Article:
Despite the steady decline in the number of checks written over the past few years, check fraud continues to be a major concern for banks and retailers . One of the benefits arising from the adoption of Check 21 that can help improve fraud prevention is part of the image exchange and archive process.
Currently image exchange and archiving offers many advantages, including cost reductions in storing and delivering check images versus their physical documents. Additionally, float time is also reduced, resulting in improved availability of funds, and a reduction in the risk of lost items and, more important, the risk of fraud. However, the full benefits of image exchange and archiving have not yet been fully exploited for fraud-prevention purposes.
When banks and financial institutions use a common, shared image archive service or facility, fraud detection tools can be applied not only to "on-us" checks, but to all check images if the images are shared among members. This shared service or facility opens up a multitude of opportunities for members to combat fraud on a whole new level. Banks can verify the authenticity of checks at the time of acceptance at the branch level, or even at the point of sale, which would significantly reduce the time it takes to determine if a check is fraudulent, implement follow-up procedures for suspects or even be able to decline the acceptance of a check.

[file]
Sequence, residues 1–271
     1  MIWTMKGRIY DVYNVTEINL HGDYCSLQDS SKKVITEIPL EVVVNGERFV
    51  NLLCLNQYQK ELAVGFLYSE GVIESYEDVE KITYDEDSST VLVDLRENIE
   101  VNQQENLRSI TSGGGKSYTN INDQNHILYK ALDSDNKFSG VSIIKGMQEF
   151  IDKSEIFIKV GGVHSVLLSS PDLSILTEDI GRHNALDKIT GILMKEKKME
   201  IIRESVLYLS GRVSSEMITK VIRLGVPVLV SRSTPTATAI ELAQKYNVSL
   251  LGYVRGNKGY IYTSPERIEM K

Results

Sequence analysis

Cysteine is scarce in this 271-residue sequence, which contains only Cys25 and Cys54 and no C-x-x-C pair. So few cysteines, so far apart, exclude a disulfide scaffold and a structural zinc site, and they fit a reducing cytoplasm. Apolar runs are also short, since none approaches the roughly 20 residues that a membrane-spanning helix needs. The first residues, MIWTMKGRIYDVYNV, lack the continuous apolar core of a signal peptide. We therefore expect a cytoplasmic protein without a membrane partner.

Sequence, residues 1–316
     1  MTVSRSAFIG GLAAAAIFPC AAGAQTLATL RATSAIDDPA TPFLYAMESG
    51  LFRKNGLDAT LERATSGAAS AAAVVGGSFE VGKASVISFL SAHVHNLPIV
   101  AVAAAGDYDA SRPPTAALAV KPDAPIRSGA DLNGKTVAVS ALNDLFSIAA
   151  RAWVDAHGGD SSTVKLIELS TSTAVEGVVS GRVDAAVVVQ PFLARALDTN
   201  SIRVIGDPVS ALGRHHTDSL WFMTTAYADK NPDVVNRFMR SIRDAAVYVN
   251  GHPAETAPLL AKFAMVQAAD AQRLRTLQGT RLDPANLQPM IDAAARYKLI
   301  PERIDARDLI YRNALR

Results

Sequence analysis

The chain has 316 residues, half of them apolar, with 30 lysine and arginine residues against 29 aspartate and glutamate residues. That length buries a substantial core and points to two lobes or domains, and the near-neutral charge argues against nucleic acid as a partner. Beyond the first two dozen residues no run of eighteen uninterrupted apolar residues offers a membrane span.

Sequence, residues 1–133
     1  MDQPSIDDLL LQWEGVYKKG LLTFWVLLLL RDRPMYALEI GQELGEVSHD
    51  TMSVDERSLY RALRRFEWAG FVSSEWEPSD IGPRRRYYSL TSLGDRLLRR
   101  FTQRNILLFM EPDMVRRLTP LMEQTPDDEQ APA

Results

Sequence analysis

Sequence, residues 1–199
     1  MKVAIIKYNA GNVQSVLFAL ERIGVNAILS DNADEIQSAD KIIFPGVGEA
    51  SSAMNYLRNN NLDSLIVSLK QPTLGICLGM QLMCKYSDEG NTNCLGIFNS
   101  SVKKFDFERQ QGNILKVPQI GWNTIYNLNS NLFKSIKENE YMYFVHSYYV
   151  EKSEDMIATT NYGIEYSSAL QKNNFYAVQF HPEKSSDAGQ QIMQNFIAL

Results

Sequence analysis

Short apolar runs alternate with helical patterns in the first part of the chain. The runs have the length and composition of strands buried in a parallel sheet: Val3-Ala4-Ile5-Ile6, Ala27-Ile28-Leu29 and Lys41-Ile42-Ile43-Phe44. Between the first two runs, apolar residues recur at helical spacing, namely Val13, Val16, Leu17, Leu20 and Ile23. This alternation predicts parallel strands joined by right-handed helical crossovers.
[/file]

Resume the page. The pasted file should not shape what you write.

When a check is received by a bank or retailer, technology would be able to look up reference images in the centralized database to examine the authenticity of the check and prevent signature forgery or counterfeits. Signature and check stock verification technologies can process the image of the check quickly and efficiently to identify suspicious items. The technology also offers the benefit of improving customer service and satisfaction by enabling banks to proactively inform their customers of potential fraud.